05 August, 2015 – Episode 526 – This Week in Science


Homo Harems, Horse Heads, Tiny Brains, Top Cock Crows, Panda Onions!, Zombie Spider Slaves, Kiss Or No?, Blood Snow Leopards, Mole Cancer Fighters, Facebook Botany, And Much More…

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Homo harems
The accepted story that a rapid increase in size was involved in the origins of the Homo genus was challenged by a recent analysis suggesting that early hominins were smaller than thought, and may have maintained sexual size dimorphism and a harem-like social structure similar to what is seen in gorillas today.

Head like a horse
This is something horse-people probably already knew: horses have a wide variety of facial expressions. 17 to be exact.

Small brained activity
A small group of neurons in the cerebellum are responsible for tuning our motor ability by comparing actual to expected neuronal activity.

Top cock crows first
Male chickens, or “cockerels,” crow in order from highest to lowest rank, defying their circadian rhythms to cow-tow to the social strata.

Pandas – the onions of the bear world
Pandas are not nocturnal, they are not diurnal, and they are not crepuscular. They are a new kind of critter, GPS collars reveal.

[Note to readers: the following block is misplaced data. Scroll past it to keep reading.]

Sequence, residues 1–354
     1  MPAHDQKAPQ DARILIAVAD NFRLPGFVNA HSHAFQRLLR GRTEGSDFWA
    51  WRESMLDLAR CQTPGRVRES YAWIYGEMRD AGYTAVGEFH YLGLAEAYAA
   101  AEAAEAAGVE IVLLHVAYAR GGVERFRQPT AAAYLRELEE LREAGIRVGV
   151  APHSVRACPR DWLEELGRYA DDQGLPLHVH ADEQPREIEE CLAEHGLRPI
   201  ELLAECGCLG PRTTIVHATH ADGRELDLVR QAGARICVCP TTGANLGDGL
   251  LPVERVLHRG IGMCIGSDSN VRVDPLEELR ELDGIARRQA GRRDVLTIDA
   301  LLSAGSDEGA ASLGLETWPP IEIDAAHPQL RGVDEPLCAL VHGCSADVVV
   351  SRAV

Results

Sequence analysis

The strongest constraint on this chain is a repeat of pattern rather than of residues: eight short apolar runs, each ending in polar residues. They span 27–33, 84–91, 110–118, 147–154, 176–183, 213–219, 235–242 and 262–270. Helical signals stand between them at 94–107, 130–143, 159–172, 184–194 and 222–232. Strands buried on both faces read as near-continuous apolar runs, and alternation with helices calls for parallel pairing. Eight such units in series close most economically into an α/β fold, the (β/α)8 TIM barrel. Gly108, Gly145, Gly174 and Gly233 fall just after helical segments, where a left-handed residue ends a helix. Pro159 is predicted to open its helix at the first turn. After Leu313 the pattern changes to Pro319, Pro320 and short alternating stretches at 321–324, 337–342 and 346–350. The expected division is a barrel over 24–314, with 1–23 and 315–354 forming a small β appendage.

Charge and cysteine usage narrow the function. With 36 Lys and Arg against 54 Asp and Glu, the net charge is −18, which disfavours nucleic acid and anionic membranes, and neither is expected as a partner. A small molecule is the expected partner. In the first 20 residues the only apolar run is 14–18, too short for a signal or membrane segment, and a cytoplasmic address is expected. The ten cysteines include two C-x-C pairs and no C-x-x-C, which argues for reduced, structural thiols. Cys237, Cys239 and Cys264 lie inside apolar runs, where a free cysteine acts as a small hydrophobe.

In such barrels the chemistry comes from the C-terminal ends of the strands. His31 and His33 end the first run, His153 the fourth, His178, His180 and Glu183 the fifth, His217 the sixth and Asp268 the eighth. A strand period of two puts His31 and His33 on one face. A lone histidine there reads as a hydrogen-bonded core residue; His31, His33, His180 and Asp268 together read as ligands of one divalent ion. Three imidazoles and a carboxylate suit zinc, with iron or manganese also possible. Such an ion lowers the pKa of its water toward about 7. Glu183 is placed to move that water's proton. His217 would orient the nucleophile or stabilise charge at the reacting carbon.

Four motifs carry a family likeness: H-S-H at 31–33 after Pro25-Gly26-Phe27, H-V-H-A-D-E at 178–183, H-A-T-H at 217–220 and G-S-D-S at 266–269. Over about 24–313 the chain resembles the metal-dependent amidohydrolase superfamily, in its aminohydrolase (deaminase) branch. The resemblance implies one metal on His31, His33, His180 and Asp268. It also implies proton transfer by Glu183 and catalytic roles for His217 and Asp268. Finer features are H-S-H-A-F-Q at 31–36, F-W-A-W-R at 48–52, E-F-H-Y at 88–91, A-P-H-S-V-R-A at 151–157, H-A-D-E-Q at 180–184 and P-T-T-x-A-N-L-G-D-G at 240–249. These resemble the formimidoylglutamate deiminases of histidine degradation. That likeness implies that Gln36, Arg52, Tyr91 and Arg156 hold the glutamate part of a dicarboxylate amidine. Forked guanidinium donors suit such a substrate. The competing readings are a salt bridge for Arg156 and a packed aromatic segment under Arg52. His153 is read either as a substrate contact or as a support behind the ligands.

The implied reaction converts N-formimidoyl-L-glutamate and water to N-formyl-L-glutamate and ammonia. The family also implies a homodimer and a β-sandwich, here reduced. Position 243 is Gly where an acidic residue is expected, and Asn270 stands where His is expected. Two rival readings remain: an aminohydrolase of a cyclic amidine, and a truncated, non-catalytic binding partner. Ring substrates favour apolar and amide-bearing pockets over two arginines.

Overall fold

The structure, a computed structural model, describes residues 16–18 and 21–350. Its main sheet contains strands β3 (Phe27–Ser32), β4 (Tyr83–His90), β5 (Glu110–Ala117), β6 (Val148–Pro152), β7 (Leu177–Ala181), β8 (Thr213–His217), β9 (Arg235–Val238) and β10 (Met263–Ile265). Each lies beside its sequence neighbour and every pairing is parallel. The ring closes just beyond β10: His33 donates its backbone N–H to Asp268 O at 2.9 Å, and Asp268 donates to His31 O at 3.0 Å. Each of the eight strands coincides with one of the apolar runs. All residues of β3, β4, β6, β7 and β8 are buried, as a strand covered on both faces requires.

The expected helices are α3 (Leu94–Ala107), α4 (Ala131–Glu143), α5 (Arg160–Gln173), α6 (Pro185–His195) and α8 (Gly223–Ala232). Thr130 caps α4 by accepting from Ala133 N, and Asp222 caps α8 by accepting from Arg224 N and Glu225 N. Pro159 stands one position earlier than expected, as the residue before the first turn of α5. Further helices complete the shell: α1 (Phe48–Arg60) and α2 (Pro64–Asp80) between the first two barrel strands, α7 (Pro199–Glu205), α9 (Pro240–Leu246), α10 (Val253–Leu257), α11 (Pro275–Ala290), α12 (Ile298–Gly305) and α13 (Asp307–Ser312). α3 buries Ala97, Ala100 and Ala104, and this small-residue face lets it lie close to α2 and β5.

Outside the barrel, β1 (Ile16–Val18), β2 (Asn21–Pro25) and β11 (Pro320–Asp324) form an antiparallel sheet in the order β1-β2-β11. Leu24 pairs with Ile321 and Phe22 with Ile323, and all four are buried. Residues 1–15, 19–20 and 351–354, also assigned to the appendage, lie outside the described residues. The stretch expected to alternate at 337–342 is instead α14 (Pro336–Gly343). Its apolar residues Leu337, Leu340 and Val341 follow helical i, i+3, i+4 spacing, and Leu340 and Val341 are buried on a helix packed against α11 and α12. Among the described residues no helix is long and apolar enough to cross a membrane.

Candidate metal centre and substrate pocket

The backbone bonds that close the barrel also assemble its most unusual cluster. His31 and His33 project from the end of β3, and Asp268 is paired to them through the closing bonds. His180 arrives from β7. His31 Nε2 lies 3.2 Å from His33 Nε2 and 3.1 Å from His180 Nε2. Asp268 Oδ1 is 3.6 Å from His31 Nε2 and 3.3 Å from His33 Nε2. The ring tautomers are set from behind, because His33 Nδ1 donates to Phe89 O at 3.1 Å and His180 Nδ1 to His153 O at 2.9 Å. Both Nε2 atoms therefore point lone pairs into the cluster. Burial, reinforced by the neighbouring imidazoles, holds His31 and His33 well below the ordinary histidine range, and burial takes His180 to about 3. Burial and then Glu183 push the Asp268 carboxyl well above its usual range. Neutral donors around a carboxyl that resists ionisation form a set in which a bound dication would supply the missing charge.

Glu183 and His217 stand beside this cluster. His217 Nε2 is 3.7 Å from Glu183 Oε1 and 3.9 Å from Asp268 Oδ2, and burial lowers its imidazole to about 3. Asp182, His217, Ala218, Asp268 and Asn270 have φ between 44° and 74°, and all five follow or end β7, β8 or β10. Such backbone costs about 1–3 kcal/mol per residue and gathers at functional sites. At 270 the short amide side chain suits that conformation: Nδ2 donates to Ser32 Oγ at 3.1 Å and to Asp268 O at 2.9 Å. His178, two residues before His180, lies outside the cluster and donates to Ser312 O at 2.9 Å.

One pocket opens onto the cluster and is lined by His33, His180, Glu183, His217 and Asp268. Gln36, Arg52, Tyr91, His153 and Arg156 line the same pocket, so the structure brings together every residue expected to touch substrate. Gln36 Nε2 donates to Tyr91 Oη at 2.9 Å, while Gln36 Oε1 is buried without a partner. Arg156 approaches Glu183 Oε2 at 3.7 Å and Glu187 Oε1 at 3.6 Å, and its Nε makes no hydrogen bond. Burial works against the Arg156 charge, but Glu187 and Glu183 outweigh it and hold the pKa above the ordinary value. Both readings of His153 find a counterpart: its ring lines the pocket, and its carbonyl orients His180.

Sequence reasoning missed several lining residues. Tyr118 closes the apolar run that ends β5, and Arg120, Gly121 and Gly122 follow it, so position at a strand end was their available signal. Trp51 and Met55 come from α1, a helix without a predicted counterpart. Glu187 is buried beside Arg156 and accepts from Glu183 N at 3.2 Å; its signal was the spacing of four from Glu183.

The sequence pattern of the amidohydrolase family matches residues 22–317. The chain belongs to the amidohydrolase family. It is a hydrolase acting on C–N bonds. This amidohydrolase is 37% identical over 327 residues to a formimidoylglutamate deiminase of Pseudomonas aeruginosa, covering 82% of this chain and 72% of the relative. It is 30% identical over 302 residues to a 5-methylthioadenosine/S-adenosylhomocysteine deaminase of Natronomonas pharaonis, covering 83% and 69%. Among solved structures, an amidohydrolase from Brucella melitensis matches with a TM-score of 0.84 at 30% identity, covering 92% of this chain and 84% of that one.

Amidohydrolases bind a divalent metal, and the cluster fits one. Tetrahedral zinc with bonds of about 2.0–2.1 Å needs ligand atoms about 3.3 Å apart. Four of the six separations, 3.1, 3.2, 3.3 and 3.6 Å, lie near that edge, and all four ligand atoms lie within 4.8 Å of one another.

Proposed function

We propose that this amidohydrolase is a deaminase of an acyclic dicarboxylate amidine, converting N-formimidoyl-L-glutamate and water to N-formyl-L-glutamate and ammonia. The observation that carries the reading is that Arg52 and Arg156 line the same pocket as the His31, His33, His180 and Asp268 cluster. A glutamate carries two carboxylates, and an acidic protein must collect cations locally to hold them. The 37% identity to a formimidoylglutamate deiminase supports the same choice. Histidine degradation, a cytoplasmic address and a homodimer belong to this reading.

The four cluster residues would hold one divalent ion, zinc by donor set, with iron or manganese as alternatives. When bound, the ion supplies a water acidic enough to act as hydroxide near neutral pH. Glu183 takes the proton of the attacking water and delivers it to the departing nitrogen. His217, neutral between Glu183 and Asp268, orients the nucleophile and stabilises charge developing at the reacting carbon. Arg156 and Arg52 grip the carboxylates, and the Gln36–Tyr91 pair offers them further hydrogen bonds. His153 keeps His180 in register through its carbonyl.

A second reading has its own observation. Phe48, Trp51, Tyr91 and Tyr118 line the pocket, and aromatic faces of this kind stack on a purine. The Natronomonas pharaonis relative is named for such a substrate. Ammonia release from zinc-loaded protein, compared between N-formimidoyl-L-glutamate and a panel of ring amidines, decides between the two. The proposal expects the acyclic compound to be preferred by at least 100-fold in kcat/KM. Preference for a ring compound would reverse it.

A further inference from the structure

Zombie spider a slave to its host
Orb weaver spiders are tricked into building a particular kind of intricate web for their host – but why? and how?

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A kiss is just a kiss…
Unless nobody kisses.

Snow Leopards are nothing special
…when it comes to their hemoglobin. The new theory (next to be tested) is that they just breathe harder!

Fighting cancer with moles…
Skin moles, not the furry ones, tend to grow to a maximum size, then stop. Unless, they are cancerous. Recent research has elucidated the roles of the cancer mutation BRAF in promoting cell division, and the cancer suppressor gene, p15, in stopping it.

New plant discovered on the Facebook
The “magnificent sundew” was discovered via a picture posted on facebook, and is the second-largest carnivorous plant in the Americas.

Cool picture
…of the dark side of the moon lit up with the earth in the background

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I'm the host of this little science show.